Victims with specific protection needs are people who, owing to their personal characteristics, the type or nature of the crime, and the circumstances in which it occurred, are particularly vulnerable to repeated victimisation, secondary victimisation, intimidation or retaliation.
These victims will therefore require special care, especially with regard to their level of protection.

This vulnerability should be assessed on a case-by-case basis. Particular attention should be paid to victims who suffered considerable harm due to the severity and gravity of the crime, to victims of crimes committed for discriminatory reasons related to their personal characteristics, and to victims whose relationship to and dependence on the offender make them particularly vulnerable.
Special care should therefore be given to victims of terrorism, organised crime, human trafficking, gender-based violence, violence in close relationships, sexual violence and hate crimes. Regardless of the type of crime, children, the elderly and those who suffer from an illness or disabilities should be given particular attention when being assessed for specific protection needs.

When a particularly vulnerable victim has to participate in any part of the proceedings, the Public Prosecution Service or the judge should take steps to ensure that this takes place under the best possible conditions. The purpose is to ensure that the victim answers spontaneously and sincerely:

  • the statements of particularly vulnerable victims should be taken as soon as possible;
  • these interviews should be carried out by a trained professional and, if the victim needs to be questioned more than once, the interviews should, in principle, be conducted by the same person;
  • interviews with victims of sexual violence, gender-based violence or violence in close relationships, when not conducted by a judge or a public prosecutor, should be conducted by a person of the same sex as the victim, if the victim so wishes;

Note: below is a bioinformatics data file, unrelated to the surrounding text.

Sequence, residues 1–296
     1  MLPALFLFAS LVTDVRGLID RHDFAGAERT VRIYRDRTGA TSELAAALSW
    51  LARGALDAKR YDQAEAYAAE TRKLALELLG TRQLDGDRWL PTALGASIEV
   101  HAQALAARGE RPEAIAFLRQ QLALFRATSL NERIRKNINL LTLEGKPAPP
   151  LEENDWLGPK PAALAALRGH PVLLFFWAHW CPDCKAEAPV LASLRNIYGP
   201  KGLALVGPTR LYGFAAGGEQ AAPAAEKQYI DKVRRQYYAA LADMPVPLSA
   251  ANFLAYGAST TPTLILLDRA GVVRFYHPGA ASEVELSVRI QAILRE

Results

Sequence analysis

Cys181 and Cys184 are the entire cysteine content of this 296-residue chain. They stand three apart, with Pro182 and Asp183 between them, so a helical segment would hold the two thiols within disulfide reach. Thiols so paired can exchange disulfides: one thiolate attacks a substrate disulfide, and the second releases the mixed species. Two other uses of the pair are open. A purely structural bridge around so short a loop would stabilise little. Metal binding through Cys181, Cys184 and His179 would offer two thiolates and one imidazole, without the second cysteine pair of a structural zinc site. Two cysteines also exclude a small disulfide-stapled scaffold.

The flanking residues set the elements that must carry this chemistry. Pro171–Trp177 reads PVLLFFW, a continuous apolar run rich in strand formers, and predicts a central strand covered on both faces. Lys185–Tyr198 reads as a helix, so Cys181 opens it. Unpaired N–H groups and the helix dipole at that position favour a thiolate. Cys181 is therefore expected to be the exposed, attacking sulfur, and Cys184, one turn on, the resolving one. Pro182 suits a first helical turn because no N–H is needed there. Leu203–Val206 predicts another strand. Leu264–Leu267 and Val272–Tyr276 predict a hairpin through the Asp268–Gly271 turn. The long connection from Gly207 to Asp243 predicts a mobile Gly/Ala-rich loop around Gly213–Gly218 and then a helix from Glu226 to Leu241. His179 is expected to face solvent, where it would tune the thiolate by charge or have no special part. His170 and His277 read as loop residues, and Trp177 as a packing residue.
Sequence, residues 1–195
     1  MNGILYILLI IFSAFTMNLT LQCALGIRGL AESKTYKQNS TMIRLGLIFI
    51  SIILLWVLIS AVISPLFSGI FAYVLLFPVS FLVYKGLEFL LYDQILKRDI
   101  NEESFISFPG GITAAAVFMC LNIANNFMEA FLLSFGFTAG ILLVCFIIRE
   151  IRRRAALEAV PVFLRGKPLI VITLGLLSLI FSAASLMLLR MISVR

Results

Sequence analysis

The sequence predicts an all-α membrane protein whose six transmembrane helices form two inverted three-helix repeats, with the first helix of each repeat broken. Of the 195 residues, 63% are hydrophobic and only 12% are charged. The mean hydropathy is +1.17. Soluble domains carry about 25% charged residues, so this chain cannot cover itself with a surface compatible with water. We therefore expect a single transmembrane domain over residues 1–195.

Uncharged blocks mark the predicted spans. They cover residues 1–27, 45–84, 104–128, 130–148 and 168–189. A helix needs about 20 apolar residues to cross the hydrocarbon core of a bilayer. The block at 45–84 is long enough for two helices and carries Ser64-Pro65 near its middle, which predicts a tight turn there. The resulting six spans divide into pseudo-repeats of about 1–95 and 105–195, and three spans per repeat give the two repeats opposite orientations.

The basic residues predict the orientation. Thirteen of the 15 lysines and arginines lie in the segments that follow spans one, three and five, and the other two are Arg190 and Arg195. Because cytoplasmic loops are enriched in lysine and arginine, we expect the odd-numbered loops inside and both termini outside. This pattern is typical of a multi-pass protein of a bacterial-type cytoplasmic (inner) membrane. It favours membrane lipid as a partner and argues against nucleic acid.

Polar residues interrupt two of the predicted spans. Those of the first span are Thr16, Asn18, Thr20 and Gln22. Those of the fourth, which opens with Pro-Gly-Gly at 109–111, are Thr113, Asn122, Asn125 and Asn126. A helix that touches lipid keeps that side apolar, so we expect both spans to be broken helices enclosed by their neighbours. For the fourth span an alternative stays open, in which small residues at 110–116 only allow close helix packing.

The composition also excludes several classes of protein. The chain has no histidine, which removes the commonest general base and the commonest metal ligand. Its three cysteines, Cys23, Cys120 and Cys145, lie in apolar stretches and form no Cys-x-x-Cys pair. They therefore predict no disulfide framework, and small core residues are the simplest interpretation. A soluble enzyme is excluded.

• all parts of the proceedings should be organised so that a particularly vulnerable witness does not meet certain participants in the same proceedings, particularly the defendant;
  • when it is necessary to avoid visual contact between the victim and the defendant, the victim should be questioned using an appropriate means of concealment or teleconferencing and need not even be in the courtroom;
  • the victim will be questioned by the judge, and afterwards, the other judges, the public prosecutor, the defence lawyer and the lawyers of the civil parties may suggest additional questions which are then asked, not directly by these people but by the judge;
  • victims must not be asked questions about their private lives that are unrelated to the offence committed against them;
  • in some cases, the different parts of the proceedings, including the trial, may take place without the presence of the public.

As soon as a particular vulnerability of the victim is identified, a social worker or other person who is suitably qualified should be appointed to accompany them and, if necessary, psychological support should be provided by a specialised professional.

At any stage of the proceedings, the judge, at the request of the Public Prosecution Service, may decide to have particularly vulnerable victims removed from their family or closed social group and have them placed in an institution.
All these measures may also be applied to witnesses who may be considered particularly vulnerable according to the criteria mentioned above.

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